By Bob Schrader – Imagine it’s been raining and your campsite is drenched. The matches got damp and you need to start a campfire to warm up and dry out. All you need is a simple match to light the candles or oil lamps. No problem. This time you came prepared because you brought along waterproof matches, homemade firestarters, and candles for the evening hours. The good thing is, you thought to add them to your survival gear list and made them at home before this emergency arose!
Learning how to make wax candles is easy. It just takes a few minutes to get set up, and then it’s a snap. I buy only the brand of wax that is formed in four sticks — most brands are one solid stick. If you buy the wax by the case you will probably get a discounted price, plus you have a carton to place the completed candle back into. It is best to put the completed candle back into the carton and then back into the cardboard box. It is more protection from any heat that occurs.
Now get an old frying pan and melt about 1/4-inch of wax. Be sure to do this slowly because wax can explode and spatter. Keep the heat low enough just to keep the wax melted. Often when you remove the wax block from its container, the four sticks (or at least two) will be stuck together. Test the two to make sure they will not separate later. If all four are stuck together, break them in half.
Assuming the four sticks are separated from each other, slightly dip one side of two pieces into the melted wax. Now press those two wet sides together and hold them for a few seconds until they melt to become one stick. Now repeat with the other two sticks. In the center of the two attached sticks will be a little groove. Score the groove on both pieces so that a string will fit in it. Don’t cut a groove too big, but just enough to hold a string fat with wax.
Use only 100% cotton string cut about seven inches in length. I cut several pieces ahead of time and let them soak up the melted wax. With a pair of tweezers pick up one wick at its top end and lay it in a groove, flush with the bottom of your candle. This wick is wet and hot, and will dry very quickly wherever you lay it down, so try to get it evenly in the groove. (You can pull it off and replace it if you have to.) Once the wick has set, grab the two pieces (one with the wick, one without) in either hand, and dip them for a few seconds in the melted wax. Immediately press these two pieces together being sure they are even at the bottom, since you want your candle to stand upright in order to burn properly.
You now have a candle with the wick in the center and the bottom flat for standing. You can cut the wick if you like, but I don’t. This will give you about a four-inch flame that will give you a lot of light. As is, you will get about 36 hours of use from this candle. But you can increase that to about 40 hours if you wrap foil around it so melting wax does not run off. I also attach a piece of foil at the top which flares out and reflects more light.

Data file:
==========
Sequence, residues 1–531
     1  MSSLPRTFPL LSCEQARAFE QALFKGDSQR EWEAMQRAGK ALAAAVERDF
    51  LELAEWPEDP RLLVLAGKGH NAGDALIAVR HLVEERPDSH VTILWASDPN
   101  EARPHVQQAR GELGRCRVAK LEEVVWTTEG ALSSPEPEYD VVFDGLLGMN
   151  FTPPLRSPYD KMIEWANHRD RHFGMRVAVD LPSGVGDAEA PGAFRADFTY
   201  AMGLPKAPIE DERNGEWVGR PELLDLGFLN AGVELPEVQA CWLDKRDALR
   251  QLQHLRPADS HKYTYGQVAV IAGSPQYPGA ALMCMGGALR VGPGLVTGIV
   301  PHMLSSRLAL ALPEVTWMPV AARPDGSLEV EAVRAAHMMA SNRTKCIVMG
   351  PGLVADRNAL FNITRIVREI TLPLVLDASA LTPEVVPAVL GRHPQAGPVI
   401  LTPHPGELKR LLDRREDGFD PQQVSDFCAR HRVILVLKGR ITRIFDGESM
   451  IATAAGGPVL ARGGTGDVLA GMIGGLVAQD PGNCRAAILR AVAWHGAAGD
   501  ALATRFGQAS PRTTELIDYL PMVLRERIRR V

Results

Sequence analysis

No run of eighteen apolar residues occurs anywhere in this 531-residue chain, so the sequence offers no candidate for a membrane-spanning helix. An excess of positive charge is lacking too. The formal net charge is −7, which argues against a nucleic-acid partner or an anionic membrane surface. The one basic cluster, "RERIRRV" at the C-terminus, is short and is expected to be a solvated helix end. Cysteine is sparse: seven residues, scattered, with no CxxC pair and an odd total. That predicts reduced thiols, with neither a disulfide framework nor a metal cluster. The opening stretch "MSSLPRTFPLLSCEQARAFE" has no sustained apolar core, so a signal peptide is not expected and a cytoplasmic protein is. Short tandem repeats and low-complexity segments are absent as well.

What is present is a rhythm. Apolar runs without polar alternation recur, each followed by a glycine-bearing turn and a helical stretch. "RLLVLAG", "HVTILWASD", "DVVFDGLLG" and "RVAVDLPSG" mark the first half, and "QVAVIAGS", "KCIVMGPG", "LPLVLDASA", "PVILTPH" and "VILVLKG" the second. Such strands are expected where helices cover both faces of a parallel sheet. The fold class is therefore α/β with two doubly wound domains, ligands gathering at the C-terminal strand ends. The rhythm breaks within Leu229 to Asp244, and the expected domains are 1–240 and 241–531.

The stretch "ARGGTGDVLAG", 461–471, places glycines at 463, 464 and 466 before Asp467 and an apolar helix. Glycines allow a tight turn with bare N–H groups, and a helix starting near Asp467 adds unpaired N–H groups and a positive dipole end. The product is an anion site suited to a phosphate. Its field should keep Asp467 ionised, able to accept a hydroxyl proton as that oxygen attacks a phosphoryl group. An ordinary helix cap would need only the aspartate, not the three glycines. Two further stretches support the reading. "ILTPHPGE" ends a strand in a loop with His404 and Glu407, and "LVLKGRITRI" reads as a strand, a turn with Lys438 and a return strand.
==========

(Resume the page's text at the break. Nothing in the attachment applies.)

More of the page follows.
This candle will last about 40 hours, for about $2. You can add fragrance to the melted wax if you want, but remember you are adding chemicals to the air you breathe.
To make homemade firestarters, first take a 9 x 11 piece of paper and cut it in quarters. (You can use almost any paper, but I wouldn’t recommend newspaper—it isn’t firm enough.) You can use junk mail or any paper that has a little body to it. I prefer tablet paper, that way I get even sticks about 5-1/2 inches long.
First, I roll the cut length of paper up like a cigarette, then, while holding it, I start to wind the 100% cotton string all along the roll of paper with the string “locked” in at the start and being sure the string is rolled side touching side. When you have wrapped the roll of paper, secure the string at the other end the same way. Your roll is now wrapped in string around the paper and it is hollow. Now “fry” your roll in melted wax turning it to get the air out and being sure it absorbs as much wax as it can. The roll will kind of “gurgle” as it absorbs the wax and air is released. When it seems done (you’ll know), pick it up with a pair of tweezers and let it drain. Place the finished starters on a piece of wax paper to dry. These homemade firestarters will burn for up to 15 minutes.
Well, all of this instruction for homemade firestarters is to no avail if you have damp matches. I guess you can rub two sticks together, but I have an easier way.
Simply dip the tips of wooden matches in your melted wax and you have waterproof matches that will float in water and light when you strike them. Be sure to use wooden matches that are the “strike anywhere” kind. Others will work, but not nearly as easily as these.
A couple of things to remember: Do not dip the matches too deep in the wax, because they will flare up when struck. Have some sandpaper around for striking since the wax may wear off the scratch pad on the box. I use my fingernail to remove some of the wax on the tip for easier lighting.
I know you can go down to the store and buy all these goods ready-made, but what if there was no store? Where would you be if you weren’t prepared with these emergency essentials? These are simple projects that can be very rewarding and save you money.
Oh, don’t store your finished projects out in the back shed. Remember you have been working with wax which will melt if it gets too hot.
Originally published in 2002 and regularly vetted for accuracy.